2022 Connecticut General Assembly Session Recap
With the state experiencing an unprecedented projected surplus of $7.9 billion, the legislature and Governor Lamont approved revisions to the state budget for the 2022-2023 Fiscal Year totaling $24.2 Billion. The surplus allowed the state to enact approximately $600 million in tax cuts including an expansion of the state earned income tax credit for low-income families and a new state child tax credit.
The Foundation provided testimony on several items that were included in the final budget, including support for returning residents, homelessness prevention, affordable housing construction and maintenance, childcare, mental health, and increased state support for the nonprofit sector.
Increases funding to assess the needs for physical and mental health services in school districts and provide substantial resources to expand these vital health services to support our students:
- $21.24 million to expand services of existing school-based health centers to include mental health services
- $13 million in ARPA funds to support the existing 15 districts participating in the Learner Engagement and Attendance Program (LEAP) and expand participation in the LEAP program to include five additional high-need districts
- $13 million to support the existing 20 districts participating in the Learner Engagement and Attendance Program (LEAP).
Provides increased funding to the Office of Early Childhood for Care4Kids, expanded preschool and mental and behavioral health services, and expand child mentoring and civic engagement programs by increasing funding to Department of Children and Families for child welfare and support services.
- $202 - $210 million across both years due to increasing childcare rates for providers and their employees
- $13.2 million to expand access to DCF mobile crisis services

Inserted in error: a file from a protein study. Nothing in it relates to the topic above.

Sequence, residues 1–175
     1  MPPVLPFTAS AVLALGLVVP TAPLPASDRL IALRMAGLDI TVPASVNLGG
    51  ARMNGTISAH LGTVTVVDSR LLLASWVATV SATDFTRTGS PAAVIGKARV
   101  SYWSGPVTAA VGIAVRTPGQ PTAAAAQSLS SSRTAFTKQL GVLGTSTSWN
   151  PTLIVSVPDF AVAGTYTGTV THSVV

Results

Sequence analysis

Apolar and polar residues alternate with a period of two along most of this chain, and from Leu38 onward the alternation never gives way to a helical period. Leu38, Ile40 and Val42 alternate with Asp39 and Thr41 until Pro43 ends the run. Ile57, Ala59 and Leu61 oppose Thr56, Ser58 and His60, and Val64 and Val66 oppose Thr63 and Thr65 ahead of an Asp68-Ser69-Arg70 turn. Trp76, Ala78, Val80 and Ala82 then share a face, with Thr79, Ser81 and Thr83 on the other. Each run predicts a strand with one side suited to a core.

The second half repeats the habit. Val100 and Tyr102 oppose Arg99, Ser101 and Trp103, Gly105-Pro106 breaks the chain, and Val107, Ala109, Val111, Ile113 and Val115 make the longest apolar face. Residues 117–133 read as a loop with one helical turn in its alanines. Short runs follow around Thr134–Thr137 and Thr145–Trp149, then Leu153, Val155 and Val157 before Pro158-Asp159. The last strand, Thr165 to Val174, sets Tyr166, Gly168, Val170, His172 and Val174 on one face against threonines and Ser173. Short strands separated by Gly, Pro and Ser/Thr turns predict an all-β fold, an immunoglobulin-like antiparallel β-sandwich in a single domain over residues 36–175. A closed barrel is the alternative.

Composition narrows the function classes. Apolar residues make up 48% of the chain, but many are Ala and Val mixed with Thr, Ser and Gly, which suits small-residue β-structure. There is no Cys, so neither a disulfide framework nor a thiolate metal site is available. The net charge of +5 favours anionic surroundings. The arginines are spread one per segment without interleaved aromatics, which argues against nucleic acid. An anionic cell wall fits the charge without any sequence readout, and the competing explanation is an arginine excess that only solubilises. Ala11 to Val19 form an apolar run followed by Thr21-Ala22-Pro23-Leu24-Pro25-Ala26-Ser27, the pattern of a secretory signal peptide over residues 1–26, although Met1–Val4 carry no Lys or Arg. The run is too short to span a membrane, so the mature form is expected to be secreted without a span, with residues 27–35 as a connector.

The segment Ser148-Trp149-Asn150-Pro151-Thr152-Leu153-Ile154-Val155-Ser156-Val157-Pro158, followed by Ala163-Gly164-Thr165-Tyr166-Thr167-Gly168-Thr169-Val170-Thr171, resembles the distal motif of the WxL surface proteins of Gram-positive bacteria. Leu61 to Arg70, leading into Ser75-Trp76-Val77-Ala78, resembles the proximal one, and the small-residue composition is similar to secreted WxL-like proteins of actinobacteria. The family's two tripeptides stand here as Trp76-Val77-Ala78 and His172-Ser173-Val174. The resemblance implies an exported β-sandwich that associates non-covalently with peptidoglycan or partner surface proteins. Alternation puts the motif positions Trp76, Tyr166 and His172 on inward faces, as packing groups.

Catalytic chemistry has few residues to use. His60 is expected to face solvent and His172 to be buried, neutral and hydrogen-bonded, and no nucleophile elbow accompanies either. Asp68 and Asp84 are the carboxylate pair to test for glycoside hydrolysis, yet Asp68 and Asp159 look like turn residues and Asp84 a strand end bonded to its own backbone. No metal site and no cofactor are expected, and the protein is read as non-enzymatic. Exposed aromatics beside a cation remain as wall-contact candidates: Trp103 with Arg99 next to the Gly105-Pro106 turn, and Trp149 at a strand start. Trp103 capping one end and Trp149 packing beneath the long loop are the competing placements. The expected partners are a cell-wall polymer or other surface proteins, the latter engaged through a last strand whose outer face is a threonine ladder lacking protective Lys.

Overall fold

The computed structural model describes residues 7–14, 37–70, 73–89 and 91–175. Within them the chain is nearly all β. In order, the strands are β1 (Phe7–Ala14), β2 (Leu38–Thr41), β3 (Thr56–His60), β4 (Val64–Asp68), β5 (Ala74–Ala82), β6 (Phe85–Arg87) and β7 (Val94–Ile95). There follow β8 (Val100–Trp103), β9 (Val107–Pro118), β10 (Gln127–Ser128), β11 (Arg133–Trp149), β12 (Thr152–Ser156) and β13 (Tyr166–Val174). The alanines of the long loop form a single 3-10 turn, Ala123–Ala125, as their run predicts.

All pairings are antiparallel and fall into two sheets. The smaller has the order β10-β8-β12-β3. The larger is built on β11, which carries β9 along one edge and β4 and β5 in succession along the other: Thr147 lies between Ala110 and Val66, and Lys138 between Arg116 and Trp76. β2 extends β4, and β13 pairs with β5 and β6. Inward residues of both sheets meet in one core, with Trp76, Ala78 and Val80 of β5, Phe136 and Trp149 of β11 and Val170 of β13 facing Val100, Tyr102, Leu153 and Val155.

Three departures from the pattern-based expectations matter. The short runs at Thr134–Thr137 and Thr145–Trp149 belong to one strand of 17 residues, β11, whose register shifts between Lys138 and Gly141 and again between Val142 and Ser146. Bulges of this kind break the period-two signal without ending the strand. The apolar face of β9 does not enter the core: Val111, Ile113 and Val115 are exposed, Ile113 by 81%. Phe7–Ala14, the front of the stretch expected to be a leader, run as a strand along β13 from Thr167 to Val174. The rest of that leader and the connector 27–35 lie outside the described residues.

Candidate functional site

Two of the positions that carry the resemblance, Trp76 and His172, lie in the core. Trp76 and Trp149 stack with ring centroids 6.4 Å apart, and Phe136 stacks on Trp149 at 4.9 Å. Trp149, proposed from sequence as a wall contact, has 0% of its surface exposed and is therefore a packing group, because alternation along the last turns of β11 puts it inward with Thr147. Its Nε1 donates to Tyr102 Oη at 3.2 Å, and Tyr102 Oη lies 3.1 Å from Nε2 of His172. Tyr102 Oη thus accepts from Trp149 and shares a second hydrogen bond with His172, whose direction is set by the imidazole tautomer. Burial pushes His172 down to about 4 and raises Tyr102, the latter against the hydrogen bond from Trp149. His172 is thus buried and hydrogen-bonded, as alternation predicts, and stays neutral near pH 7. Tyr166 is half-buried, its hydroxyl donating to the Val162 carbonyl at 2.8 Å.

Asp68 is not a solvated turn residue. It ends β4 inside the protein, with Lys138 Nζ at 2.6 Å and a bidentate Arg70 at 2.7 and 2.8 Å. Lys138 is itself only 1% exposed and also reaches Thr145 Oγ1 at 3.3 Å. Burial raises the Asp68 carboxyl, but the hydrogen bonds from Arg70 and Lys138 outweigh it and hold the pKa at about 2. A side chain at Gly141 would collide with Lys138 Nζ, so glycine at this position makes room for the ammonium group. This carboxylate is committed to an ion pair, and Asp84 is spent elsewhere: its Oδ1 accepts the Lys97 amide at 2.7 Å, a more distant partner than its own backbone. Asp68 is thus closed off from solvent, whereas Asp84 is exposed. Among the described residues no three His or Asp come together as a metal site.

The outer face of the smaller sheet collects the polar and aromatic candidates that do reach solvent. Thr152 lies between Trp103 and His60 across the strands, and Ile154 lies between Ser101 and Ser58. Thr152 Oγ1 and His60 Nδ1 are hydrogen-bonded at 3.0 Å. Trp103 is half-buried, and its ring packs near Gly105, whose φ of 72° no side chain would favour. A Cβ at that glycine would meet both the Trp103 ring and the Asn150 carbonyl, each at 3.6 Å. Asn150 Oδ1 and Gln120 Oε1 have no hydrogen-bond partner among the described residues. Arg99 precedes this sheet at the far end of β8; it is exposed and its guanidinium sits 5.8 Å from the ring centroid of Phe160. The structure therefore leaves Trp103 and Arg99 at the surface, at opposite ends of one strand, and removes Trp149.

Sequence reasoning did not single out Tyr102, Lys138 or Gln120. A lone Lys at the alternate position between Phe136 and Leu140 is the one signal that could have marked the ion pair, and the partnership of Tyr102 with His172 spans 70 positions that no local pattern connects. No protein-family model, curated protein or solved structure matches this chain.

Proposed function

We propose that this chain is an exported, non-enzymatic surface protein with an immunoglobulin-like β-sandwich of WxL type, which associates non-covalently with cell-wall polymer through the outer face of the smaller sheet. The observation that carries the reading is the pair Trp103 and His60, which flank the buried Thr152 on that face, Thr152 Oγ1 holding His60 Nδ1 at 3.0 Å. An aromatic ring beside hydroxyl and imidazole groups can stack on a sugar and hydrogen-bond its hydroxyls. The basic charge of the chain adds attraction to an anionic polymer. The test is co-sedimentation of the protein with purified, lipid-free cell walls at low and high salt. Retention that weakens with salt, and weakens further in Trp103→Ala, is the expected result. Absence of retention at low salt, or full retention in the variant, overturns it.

- Up to $1 million to evaluate the impact of social media and mobile phone use on students' mental health
- $2.8 million in increased General Fund appropriations and $31.1 million in increased state fiscal recovery American Rescue Plan Act (ARPA) allocations.
Establishes a grant program to local school boards to hire social workers and school psychologists. The measure also creates a new grant program for the delivery of school-based mental health services to children and adolescents.
Provides access to a range of occupational licenses to people with criminal records by requiring consideration of whether a criminal conviction is reasonably related to the ability to safely or competently perform the duties or responsibilities associated with the license.
Requires the Commissioner of Economic and Community Development to evaluate workforce development programs for incarcerated persons and persons reentering the community after incarceration, and create an employer toolkit to facilitate such persons' employment.
Directs the Commissioner of Correction, in consultation with the Commissioner of Motor Vehicles, to establish a program to make preparation materials and instruction for and administration of the commercial driver's license knowledge test available to incarcerated persons who are reentering the community in six months or less and are not subject to disqualification from driving a commercial motor vehicle or subject to suspension, revocation or cancellation of operating privileges in any state.
Requires the Commissioner of Economic and Community Development, in consultation with the Office of Early Childhood and the Connecticut Health and Educational Facilities Authority, to develop and implement a small business childcare incentive program to promote the expansion of existing childcare centers and the development of new childcare centers in the state.
Requires the Department of Economic and Community Development to include the arts and culture industries in the department's strategic state-wide marketing plan.
The Hartford Foundation recognizes the power of public policy to increase the impact of our investments. An overview of our public policy work is available on our website.